This month, as we mark the mid-point of President Obama's first term as president, it is an appropriate time to evaluate his Administration's foreign policy and its ability to bring about peace. When President Obama gives his State of the Union address on Tuesday, January 25th, Bloomfield-based New Jersey Peace Action (NJPA) will watch, respond and issue a "report card" grading the president's first two years in office in those areas directly relating to NJPA's peaceful priorities:
-- nuclear disarmament
-- ending the wars in Iraq and Afghanistan
-- "moving the money" from the nation's bloated military budget toward funding for community programs
-- increasing reliance on diplomacy as opposed to military action
-- protecting civil liberties
On nuclear disarmament -" good news and bad news:
On December 22, 2010, despite many delays, the U.S. Senate ratified the new START Treaty. The vote was 71 -"26. Many grass-roots disarmament organizations, including NJPA, worked steadily over the last two years to achieve ratification. As late as November 30, 2010, members of NJPA delivered hundreds of signatures on a petition supporting nuclear disarmament to the Senate offices in Newark.
The Treaty re-establishes protocol for the United States and Russia to monitor each other's efforts at nuclear disarmament. The terms of the treaty require both countries to reduce their nuclear stockpiles by 25%, leaving each country with 1,550 nuclear warheads.
However, in order to gain support for ratification, the Obama A dministration made multiple concessions, including a pledge for an additional $184 billion for nuclear weapons modernization, an increase of approximately 20% over spending levels during the George W. Bush Administration. It is difficult to argue that a nation is serious about reducing its nuclear arsenal while it allocates such huge amounts to modernizing its arsenal.
On Afghanistan -" four more years of a failed strategy?:
Map of Afghanistan by Madelyn Hoffman
The war in Afghanistan is already the longest war in U.S. history. As of this writing, it has cost the U.S. taxpayer over $366 billion, while the war in Iraq has cost over $767 billion. Altogether, over $1 trillion has been spent on both wars, with no end in sight. In 2009, over the strenuous objections of many, President Obama pledged to send more than 30,000 additional troops into Afghanistan. The cost was $33 billion. In Obama's Afghanistan Review: A Whitewash of a Disastrous Occupation, co-authored by Kevin Martin, Executive Director of Peace Action's national office and Phyllis Bennis, Fellow of the Institute for Policy Studies, that money could have been used to create 600,000 green middle-class jobs here at home--with $3 billion left over to help with the rebuilding of post-occupation Afghanistan.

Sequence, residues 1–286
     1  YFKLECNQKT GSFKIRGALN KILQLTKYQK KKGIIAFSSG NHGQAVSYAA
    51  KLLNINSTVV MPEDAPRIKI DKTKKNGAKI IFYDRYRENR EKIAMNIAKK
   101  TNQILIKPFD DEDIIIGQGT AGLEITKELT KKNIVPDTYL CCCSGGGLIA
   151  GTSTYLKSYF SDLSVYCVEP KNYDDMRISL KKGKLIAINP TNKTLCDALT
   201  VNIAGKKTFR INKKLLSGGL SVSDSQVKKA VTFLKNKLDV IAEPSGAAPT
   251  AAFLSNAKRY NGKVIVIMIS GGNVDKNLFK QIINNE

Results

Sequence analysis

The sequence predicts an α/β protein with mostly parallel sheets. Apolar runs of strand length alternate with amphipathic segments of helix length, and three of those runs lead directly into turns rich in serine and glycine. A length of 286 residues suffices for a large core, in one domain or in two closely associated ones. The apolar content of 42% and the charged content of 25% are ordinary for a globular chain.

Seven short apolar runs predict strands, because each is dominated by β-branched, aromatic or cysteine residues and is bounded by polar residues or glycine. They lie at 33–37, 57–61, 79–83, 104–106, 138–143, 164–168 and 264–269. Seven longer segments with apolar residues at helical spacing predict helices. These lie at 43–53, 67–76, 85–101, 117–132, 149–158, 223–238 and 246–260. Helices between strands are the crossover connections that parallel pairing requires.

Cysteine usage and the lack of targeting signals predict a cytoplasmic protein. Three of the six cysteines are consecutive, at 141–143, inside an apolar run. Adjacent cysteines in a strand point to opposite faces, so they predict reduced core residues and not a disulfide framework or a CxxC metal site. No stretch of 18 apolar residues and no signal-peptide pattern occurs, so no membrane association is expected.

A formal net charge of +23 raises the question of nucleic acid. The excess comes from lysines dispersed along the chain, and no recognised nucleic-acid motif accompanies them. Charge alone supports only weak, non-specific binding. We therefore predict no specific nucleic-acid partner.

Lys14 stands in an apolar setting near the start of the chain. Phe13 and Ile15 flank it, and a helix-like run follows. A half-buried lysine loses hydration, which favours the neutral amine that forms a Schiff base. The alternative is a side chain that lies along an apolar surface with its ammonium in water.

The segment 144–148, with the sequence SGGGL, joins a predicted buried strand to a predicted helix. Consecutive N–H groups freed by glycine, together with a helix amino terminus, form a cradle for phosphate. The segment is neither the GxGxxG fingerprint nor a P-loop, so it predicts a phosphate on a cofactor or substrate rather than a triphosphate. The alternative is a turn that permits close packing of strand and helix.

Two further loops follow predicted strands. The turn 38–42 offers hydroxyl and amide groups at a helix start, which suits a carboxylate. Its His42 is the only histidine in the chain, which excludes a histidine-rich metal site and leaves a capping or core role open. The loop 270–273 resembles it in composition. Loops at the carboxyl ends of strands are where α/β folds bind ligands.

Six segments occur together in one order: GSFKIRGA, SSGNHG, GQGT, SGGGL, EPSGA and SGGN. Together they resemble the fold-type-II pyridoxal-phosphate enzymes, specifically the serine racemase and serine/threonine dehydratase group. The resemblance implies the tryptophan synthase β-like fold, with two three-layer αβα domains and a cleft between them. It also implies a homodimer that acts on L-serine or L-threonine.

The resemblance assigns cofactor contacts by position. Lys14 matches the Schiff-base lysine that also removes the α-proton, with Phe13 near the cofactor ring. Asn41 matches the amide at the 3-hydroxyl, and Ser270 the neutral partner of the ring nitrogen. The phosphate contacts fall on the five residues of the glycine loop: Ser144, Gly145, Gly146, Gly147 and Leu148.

President Obama also pledged to withdraw troops from the war-torn country beginning in July 2011, but he is now delaying that date, indicating that the U.S./NATO occupation of Afghanistan will continue until at least 2014! This extension was announced despite the fact that 60% of Americans polled understand that the war is "not worth fighting," and a war that we can neither win nor afford. Additionally, the Afghanistan Study Group (ASG), 50 experts on Afghanistan, has called for an alternative strategy of a negotiated settlement, instead of increased military presence.
South Mountain Peace Action (SMPA), a NJPA chapter, plans a January 19th forum titled "How to End the Afghanistan War" featuring Matthew Hoh, director of the ASG and former Foreign Service officer in Afghanistan who resigned in protest.
According to SMPA "the tax deal passed during the lame-duck session of Congress calls for an unprecedented cut of 2% in Social Security payroll taxes for workers totaling $120 billion that will have to be replenished with borrowed government funds. Coincidentally, this amount is what Congress allocated for the Afghan War next year."